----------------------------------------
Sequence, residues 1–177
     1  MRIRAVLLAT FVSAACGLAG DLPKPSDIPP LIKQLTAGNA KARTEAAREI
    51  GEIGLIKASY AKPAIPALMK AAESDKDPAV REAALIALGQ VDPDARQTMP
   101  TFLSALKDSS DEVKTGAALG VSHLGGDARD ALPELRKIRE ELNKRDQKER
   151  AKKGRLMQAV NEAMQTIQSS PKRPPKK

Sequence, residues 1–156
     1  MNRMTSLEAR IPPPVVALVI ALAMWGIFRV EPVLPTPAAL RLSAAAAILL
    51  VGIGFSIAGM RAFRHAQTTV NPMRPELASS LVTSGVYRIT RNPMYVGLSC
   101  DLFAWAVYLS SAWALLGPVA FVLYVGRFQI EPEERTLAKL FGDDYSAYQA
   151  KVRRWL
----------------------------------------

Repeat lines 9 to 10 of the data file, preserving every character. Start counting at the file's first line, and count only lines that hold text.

   101  DLFAWAVYLS SAWALLGPVA FVLYVGRFQI EPEERTLAKL FGDDYSAYQA
   151  KVRRWL